UNHAPPY WEATHER GODS

India’s best IIT says it’s unable to find jobs for its students because of a cyclone

Quartz india
Quartz india

The Indian Institutes of Technology, the country’s elite engineering schools, are finding it difficult to shepherd their graduates into good jobs.

Indian Institute of Technology (IIT)-Madras in Chennai, which was last month ranked the top engineering institution in the country, saw its placement rate fall to 62% in 2016-17 from around 65% in 2015-16. The other IITs in the country showed similar numbers, with placement rates falling year-on-year, according to the Hindustan Times newspaper.

“Out of 9,104 students in 17 IITs who applied this year, only 6,013 got jobs,” the report said, citing data from the human resource development (HRD) ministry. In other words, about 66% of those who participated in campus placements secured jobs compared with 79% in 2015-16.

The fall in placement rates have been attributed to everything from natural disasters to global uncertainty in the IT sector, and only add to all the job-related negativity. In recent weeks, news of probable layoffs in many of the country’s IT firms has been making rounds, and HR firm Head Hunters India has estimated that nearly two lakh IT engineers will lose jobs annually over the next three years.

At IIT-Madras, the weather gods are being blamed. Cyclone Vardah, which hit Tamil Nadu last December took a lot of jobs with it, according to Manu Santhanam, IIT-Madras’s advisor for training and placement. “A lot of companies that were to come to campus fulfilled their requirements with other institutions. If not for this we could have had another 40 or 50 jobs,” he said. The death of Tamil Nadu state’s chief minister J Jayalalithaa last year only added to the troubles since companies weren’t able to join the placement drive because of the political chaos that followed.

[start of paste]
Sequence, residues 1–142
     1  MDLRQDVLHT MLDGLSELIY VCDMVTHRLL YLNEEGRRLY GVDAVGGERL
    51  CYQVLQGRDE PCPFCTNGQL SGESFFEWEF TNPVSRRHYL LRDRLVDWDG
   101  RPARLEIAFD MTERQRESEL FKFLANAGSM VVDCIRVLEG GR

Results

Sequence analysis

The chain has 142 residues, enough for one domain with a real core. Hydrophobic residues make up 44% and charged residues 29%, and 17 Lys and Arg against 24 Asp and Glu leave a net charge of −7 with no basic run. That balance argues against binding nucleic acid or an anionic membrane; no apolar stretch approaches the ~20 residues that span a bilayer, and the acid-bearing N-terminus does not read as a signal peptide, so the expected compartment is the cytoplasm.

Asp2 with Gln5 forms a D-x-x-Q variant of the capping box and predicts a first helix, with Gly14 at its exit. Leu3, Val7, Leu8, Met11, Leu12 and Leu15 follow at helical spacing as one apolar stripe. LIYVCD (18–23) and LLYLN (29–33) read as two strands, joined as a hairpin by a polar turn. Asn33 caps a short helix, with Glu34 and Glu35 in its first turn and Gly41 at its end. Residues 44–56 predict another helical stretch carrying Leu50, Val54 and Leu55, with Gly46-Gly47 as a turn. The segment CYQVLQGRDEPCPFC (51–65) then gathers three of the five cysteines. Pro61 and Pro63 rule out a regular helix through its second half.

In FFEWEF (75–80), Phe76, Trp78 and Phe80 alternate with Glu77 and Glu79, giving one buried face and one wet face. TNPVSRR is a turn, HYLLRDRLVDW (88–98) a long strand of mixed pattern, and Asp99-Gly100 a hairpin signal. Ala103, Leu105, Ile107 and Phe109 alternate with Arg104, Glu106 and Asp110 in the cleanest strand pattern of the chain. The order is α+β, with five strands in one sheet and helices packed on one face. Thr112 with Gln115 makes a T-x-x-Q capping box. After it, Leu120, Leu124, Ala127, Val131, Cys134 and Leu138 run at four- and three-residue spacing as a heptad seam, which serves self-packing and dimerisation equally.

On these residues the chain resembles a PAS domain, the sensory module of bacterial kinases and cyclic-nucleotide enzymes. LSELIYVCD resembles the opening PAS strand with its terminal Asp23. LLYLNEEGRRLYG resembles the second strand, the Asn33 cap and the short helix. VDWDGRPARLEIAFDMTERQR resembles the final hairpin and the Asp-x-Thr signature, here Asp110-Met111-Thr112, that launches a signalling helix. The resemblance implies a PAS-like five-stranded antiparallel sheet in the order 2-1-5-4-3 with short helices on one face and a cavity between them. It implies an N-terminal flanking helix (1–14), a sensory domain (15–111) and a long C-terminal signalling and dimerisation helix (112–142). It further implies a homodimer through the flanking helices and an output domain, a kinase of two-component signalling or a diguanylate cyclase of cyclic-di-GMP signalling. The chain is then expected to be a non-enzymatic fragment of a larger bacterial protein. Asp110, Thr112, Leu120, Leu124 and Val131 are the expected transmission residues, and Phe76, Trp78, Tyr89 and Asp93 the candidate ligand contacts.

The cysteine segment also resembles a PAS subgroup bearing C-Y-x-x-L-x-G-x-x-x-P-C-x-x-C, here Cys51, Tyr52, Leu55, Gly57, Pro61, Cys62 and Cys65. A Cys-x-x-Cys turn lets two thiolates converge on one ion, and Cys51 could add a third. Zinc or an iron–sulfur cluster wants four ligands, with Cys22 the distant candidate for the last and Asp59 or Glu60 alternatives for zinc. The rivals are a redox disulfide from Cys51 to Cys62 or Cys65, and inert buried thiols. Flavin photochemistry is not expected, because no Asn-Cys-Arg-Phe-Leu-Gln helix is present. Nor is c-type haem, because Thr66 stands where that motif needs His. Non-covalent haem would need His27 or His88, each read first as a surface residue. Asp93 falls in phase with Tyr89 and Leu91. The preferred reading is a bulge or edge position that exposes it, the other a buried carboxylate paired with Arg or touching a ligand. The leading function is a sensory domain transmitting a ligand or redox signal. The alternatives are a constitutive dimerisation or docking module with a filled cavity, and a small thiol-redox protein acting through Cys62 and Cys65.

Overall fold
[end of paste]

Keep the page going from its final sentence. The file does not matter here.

A drop in international placements from American, Taiwanese and Japanese firms have also hurt overall numbers. “Companies from these countries have set up offices in India and have hired graduates for local jobs rather than giving them international placements,” Santhanam said.

The silver lining at IITs is the involvement of public sector undertakings (PSUs). Many PSUs hired IIT students this year, according to Santhanam. “The salaries are comparable to private firms and many pay packages are higher than those at other companies,” he said. Hiring by PSUs from IITs has been increasing over the last few years, the Hindustan Times reported, quoting an unnamed official from the HRD ministry.

But now, the one thing that was looking up might be short-lived. The supreme court is set to bar PSUs hiring from campuses, on the grounds that it amounts to discrimination, as vacancies are filled with students from these colleges, thus denying the opportunity to people who aren’t in such institutions.

Looks like, even graduating from the country’s best engineering institution will only take you so far.

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